Jammeh has agreed to leave, new president tweets

Jammeh has agreed to leave, new president tweets

Jammeh has agreed to leave, new president tweets

Troops massed along Gambia's borders as negotiations were underway early Thursday for President Yahya Jammeh to turn power over to businessman Adama Barrow, who won the country's December 1 election. Barrow, who was inaugurated at the Gambian embassy in Senegal yesterday, will now be able to enter the country and take up the presidency.

Regional leaders made two unsuccessful visits to Gambia in attempts to convince Jammeh to cede power.

After 11th-hour talks in Banjul, Mauritanian President Mohamed Ould Abdel flew on to Dakar where he met with Barrow for talks at which Senegalese President Macky Sall was also present, the private RFM radio station reported.

President Adama Barrow has said the days when The Gambia was ruled with fear was over.

Earlier on Thursday, sources told Al Jazeera that Isatou Njie Saidy, Gambia's Vice President since 1997, had quit, becoming the highest level official to abandon Jammeh's camp in his standoff with Barrow, who won last month's presidential election.

Adama Barrow defeated Jammeh in the December 2016 presidential election, but the latter has rejected the result and declared a state of emergency, despite threats of military intervention from regional powers. Some of his supporters suggested that they would be willing to fight Jammeh's forces if necessary.

It was not clear how Barrow will travel to Gambia.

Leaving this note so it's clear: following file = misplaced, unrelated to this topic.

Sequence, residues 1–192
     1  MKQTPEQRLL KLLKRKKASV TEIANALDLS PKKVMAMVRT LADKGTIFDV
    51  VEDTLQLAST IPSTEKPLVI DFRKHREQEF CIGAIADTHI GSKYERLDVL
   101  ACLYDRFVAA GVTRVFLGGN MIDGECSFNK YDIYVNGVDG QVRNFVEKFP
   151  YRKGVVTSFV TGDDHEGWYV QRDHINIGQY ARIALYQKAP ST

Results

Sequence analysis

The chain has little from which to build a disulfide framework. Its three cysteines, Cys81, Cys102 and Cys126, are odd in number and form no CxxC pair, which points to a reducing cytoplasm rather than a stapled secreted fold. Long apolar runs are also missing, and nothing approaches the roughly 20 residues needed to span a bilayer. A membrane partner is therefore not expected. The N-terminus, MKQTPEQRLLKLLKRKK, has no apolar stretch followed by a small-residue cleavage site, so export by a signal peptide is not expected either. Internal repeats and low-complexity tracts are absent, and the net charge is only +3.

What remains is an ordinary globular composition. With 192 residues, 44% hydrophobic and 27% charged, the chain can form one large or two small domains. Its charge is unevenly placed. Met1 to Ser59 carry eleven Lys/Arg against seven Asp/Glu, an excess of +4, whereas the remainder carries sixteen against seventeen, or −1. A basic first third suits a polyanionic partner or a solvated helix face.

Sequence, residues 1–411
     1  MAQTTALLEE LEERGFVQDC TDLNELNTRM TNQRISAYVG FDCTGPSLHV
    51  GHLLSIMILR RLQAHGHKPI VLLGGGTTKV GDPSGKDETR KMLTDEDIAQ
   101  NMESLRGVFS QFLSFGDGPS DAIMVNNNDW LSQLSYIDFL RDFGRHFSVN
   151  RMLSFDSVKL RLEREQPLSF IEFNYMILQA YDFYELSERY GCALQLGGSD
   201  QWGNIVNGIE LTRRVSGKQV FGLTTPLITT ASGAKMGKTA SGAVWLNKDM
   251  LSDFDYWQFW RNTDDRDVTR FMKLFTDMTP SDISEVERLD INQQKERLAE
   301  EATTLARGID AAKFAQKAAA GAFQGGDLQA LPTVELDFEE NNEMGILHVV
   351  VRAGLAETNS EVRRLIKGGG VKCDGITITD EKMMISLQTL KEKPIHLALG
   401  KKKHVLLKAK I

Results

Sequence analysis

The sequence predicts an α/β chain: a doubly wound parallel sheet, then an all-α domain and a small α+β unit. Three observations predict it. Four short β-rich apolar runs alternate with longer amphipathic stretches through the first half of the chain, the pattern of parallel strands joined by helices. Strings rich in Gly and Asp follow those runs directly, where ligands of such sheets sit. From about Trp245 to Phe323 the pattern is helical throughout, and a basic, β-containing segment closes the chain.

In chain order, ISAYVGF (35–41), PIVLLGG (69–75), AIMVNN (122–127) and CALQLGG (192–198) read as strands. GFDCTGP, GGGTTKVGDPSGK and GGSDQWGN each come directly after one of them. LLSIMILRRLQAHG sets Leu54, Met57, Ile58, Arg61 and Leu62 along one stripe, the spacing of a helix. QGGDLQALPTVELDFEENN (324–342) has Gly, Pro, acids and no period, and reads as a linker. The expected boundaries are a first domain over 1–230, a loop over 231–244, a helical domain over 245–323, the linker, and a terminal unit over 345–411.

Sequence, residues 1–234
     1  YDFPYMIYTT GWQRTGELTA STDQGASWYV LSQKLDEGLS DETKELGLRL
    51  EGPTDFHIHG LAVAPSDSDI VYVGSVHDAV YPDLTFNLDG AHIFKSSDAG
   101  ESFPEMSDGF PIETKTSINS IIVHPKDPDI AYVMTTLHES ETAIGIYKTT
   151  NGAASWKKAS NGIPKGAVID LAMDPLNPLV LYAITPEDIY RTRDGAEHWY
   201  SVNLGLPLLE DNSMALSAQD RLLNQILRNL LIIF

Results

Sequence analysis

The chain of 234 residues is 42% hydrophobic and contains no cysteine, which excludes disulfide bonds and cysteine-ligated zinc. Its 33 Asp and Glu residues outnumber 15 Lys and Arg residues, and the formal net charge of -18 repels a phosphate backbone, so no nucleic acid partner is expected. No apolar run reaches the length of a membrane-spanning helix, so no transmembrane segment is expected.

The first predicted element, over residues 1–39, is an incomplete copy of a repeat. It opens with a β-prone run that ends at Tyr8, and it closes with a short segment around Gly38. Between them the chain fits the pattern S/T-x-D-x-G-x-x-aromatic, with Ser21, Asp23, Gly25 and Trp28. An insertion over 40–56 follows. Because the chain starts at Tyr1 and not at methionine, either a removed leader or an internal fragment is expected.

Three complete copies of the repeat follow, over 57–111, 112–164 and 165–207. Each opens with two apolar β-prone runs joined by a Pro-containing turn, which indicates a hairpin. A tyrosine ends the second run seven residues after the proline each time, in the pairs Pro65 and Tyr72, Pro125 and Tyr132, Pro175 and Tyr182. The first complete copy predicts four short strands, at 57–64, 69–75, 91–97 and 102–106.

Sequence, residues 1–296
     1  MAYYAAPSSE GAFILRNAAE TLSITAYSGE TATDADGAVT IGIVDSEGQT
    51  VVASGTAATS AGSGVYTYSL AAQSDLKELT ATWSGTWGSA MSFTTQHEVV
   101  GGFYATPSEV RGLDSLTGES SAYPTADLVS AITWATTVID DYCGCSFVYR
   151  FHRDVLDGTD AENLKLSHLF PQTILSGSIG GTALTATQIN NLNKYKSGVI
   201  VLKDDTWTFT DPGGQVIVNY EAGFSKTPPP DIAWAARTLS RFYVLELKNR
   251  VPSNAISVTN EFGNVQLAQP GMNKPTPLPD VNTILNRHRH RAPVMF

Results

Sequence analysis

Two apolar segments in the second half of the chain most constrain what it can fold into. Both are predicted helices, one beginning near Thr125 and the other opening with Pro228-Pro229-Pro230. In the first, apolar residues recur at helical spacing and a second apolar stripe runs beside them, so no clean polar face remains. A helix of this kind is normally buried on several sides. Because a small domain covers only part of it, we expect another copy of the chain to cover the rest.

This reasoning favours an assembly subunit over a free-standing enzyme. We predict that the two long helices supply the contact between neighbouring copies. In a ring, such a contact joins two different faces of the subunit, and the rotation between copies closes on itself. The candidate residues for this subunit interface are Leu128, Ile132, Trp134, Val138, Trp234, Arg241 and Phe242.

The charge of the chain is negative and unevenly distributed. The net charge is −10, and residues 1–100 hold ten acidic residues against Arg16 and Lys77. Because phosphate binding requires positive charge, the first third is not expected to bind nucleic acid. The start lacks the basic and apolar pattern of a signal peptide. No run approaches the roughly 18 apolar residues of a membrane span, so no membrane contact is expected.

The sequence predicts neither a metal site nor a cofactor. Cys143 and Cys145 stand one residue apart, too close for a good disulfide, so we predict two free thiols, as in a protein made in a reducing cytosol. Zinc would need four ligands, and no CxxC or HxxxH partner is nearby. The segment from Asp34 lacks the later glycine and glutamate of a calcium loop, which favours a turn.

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Mr Jammeh, who first seized power in a 1994 coup, has offered to step aside once before only to change his mind later.

The deadline was set by the Economic Community of West African States (Ecowas), a regional grouping backed by the United Nations.

At his inauguration President Barrow appealed to the ECOWAS, African Union, UN, and particularly the Security Council to help oust Jammeh and enforce the will of the Gambians and restore constitutional order. But by Thursday morning, the pressure on Yahya Jammeh mounted as the country lurched toward a political crisis.

Gambia's president-elect, who won the 1 December 2016 election, is now in Senegal under protection as ECOWAS troops have entered the tiny West African country to force Jammeh out as his term elapses today.

Still, Aziz, Mauritania's president, said his Wednesday meeting with Jammeh left him hopeful.

According to Ndiaye, servicemen taking part in the ECOWAS "Restore Democracy" military operation in Gambia were striking military targets and were not meeting any resistance on Thursday.

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